RVing off Highway 31, Oregon's Outback National Scenic Byway.
RVing off Highway 31, Oregon's Outback National Scenic Byway. Andy Isaacson
Freelance writer and photographer Andy Isaacson rented a 19-foot motor home in the summer of 2011. He enlisted two friends, and together they spent eight days traveling from California to Oregon and back.
With a bathroom, kitchen and beds onboard, they found the freedom to roam without reservations — spending nights in a Wal-Mart parking lot, a winery and beside a stream in a national park. Isaacson discovered what he calls a tribe of people who travel by RV, and wrote about his trip for The New York Times.
NPR's Neal Conan talks with Isaacson about his trek through the RV world, and the interesting people he met along the way.
On how RVers band together
"It's always been about camaraderie. I mean, in the same way that you get motorcyclists going on caravans and going to rallies together, you get RVers going on caravans across the highways and congregating in rallies, [one of] which I attended. It was billed as the greatest RV rally in the world. And it was pretty great. And you had over 2,000, 2,500 RVs sprawled across the sagebrush outside of Bend, Ore., at these expo grounds. And it was fun.
Steve and Pam Collins attended the Good Sam Club annual RV rally in Redmond, Ore., with their "McMansion on wheels."
Steve and Pam Collins attended the Good Sam Club annual RV rally in Redmond, Ore., with their "McMansion on wheels." Andy Isaacson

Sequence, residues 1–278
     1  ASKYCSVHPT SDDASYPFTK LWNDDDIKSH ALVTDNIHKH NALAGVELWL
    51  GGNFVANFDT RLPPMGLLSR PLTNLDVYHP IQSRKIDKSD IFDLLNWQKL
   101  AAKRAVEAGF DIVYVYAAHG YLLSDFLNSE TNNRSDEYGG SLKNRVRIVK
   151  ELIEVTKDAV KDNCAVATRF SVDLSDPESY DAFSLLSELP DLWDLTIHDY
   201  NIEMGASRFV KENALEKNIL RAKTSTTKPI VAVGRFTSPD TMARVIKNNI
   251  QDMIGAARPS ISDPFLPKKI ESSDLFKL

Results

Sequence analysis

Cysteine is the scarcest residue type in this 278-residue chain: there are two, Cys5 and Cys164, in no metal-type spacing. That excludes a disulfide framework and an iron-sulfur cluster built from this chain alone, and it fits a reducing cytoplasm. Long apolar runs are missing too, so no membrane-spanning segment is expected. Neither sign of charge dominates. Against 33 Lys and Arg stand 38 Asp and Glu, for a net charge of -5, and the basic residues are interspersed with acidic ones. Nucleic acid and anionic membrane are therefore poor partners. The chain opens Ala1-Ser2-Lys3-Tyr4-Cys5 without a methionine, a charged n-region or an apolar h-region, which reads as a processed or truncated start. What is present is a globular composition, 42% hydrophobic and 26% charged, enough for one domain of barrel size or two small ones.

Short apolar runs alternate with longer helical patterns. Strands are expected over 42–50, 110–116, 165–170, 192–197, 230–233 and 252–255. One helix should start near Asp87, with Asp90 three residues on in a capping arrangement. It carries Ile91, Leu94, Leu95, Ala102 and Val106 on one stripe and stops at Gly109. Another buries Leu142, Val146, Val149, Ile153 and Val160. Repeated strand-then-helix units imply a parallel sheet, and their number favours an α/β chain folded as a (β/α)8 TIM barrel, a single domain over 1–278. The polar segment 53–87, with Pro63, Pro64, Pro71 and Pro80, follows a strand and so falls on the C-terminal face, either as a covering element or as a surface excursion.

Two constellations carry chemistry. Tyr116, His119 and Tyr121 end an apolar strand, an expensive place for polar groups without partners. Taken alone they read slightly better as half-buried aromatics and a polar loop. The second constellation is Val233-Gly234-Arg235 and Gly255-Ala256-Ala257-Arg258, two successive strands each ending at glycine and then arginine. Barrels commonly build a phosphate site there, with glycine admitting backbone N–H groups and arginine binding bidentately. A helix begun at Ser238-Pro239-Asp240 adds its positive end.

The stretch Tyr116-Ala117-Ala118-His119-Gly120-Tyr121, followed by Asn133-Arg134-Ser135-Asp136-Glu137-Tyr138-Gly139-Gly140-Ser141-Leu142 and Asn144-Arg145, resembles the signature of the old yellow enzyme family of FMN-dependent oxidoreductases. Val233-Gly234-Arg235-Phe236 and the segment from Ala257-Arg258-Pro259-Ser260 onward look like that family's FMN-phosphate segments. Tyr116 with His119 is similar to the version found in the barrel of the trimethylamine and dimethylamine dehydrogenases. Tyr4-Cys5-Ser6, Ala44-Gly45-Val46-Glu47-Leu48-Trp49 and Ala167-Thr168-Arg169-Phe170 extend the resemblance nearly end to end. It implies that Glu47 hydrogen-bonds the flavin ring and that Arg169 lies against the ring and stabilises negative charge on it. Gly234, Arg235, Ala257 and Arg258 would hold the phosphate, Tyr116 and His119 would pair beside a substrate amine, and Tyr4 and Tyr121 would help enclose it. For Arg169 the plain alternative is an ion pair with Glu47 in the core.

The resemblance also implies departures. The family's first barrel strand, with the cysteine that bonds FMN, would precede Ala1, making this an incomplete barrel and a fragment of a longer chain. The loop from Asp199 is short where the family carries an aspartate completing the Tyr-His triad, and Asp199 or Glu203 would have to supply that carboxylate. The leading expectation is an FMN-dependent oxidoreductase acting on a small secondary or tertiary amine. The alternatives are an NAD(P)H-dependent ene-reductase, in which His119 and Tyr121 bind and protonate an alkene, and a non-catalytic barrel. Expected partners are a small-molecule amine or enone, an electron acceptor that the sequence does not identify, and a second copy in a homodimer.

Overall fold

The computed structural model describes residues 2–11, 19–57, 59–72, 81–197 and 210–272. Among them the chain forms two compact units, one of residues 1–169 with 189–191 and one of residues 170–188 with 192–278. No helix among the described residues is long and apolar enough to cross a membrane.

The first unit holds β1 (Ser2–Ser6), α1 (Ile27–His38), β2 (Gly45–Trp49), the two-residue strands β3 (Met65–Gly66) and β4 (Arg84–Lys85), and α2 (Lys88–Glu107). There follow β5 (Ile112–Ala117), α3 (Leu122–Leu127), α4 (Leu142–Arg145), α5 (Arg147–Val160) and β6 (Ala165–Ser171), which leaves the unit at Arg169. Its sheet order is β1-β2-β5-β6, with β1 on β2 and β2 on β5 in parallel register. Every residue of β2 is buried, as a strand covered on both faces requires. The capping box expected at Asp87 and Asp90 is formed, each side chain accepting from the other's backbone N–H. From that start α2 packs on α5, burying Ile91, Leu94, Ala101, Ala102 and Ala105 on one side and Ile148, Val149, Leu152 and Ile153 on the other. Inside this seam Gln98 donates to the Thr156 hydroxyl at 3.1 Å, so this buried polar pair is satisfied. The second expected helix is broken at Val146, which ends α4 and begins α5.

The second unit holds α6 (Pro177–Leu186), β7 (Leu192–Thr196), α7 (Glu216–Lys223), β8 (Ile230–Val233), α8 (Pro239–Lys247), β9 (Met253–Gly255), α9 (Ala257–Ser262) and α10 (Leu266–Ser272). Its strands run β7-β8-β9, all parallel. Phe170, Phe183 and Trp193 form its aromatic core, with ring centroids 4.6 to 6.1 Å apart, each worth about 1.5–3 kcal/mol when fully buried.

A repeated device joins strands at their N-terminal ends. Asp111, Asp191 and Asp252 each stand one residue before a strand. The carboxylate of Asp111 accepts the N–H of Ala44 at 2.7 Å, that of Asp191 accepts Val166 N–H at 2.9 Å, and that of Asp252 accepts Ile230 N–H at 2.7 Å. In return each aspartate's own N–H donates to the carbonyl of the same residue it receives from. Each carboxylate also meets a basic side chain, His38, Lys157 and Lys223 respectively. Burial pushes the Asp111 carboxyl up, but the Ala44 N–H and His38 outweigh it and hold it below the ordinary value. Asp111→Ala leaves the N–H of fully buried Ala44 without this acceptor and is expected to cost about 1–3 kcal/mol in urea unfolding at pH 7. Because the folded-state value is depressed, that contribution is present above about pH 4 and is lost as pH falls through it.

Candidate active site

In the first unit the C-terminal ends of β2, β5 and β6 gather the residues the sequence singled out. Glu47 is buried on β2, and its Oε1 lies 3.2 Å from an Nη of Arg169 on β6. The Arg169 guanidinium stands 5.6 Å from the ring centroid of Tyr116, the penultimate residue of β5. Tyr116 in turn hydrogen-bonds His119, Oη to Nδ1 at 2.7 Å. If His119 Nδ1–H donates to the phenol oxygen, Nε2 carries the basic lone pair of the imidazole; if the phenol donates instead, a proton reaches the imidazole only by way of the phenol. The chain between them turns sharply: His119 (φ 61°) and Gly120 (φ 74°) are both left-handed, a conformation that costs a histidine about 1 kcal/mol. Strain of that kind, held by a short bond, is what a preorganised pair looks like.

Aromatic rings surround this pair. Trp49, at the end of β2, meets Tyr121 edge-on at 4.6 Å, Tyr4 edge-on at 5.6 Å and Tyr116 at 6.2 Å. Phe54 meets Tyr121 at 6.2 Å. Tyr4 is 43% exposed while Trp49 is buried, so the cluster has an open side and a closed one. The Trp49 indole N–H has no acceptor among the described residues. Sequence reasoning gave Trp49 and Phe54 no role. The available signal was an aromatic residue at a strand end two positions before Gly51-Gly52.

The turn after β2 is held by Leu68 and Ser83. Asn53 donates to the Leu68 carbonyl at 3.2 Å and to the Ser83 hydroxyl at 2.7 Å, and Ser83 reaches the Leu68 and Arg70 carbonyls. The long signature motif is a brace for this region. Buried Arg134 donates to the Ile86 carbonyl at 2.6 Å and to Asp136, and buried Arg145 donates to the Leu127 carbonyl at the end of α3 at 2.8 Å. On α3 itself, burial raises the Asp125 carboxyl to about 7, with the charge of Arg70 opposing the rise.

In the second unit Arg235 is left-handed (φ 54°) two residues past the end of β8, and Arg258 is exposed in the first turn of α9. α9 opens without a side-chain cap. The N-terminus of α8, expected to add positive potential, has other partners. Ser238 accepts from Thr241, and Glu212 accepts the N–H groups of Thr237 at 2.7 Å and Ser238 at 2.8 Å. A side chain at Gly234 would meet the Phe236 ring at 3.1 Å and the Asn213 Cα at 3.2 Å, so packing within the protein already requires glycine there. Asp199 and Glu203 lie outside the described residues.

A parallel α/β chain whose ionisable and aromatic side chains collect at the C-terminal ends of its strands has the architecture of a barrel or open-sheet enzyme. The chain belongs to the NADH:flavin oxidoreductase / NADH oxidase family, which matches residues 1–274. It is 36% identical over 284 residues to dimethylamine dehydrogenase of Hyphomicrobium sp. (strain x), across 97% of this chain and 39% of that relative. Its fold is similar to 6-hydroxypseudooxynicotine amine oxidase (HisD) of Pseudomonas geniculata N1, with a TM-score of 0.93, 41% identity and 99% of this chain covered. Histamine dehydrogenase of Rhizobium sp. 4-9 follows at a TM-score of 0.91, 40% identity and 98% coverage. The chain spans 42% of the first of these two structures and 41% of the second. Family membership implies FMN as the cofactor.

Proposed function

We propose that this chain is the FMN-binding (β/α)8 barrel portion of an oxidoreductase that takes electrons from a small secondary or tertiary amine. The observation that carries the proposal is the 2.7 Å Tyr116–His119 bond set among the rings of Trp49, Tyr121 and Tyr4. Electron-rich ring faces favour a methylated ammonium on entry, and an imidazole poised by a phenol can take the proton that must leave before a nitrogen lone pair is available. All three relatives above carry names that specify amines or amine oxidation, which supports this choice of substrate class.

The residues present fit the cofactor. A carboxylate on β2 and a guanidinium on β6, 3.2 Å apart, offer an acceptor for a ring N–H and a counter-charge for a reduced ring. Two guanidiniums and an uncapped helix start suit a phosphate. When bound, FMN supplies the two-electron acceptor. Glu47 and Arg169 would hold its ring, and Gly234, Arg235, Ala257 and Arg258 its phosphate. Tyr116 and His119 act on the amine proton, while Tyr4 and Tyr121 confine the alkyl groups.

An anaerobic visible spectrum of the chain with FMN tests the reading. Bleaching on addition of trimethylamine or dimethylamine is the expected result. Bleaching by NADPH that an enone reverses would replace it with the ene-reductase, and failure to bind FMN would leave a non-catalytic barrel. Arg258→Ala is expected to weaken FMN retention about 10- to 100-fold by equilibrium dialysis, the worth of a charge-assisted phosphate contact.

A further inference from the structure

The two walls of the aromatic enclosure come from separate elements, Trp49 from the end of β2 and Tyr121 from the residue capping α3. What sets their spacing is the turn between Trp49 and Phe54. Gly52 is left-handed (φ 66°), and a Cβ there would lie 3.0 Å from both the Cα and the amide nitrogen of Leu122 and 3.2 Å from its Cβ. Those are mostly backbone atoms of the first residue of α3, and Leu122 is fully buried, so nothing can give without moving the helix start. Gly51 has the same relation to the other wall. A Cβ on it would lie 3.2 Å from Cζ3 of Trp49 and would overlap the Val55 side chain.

"There was a doggy swimsuit contest. There was a world record attempt for the most simultaneous high-fives. There were seminars in green RVing and how to look younger on the road and ... how to stay fit and healthy on the road was another."
On the most amazing RV Isaacson saw
"There was one particular guy that caught everyone's eye in the lot. He had a 45-foot RV with a glass-walled deck that came off the side, a 42-inch screen TV, and he was sitting there. I found him in bear paw slippers, drinking a beer, watching the game. He had two Great Danes and flock of parakeets; and three electric skateboards [and] a go-kart that all fit into this spacious storage bay at the bottom of the RV. And everyone was rubbernecking this guy's spot. And the license plate said, 'TOYZILLA.' And he told me his wife wanted 'I GOT MINE,' but he didn't really want the people hating on him."
On the difference between people who RV, and people who don't
"RVs are a polarizing mode of transportation. People either feel like they're really into it, and you get a devoted population of RVers. And then also you get the people that wouldn't want to be caught dead in one.
"... I think it's a class thing. I think there's some overlap between the people that have some disdain for Hummers and the people that have disdain for RVs, although arguably RVs are more practical on the American highways than Hummers. But I think ... this is how it's been, Neal, since the very beginning. RVers were derided as gypsies, trailer trash and tin-can tourists back in the early days, and I think you still have that.
"... It [also] symbolizes, I think, for some kind of American excess and decadence. I mean, you have this 45-foot monstrosity on wheels hogging up the highway. But I think it depends on where you're coming from ... Whether you see it as like a symbol of environmental indifference, or whether you see it as this wonderfully freeing thing just depends on kind of where you sit."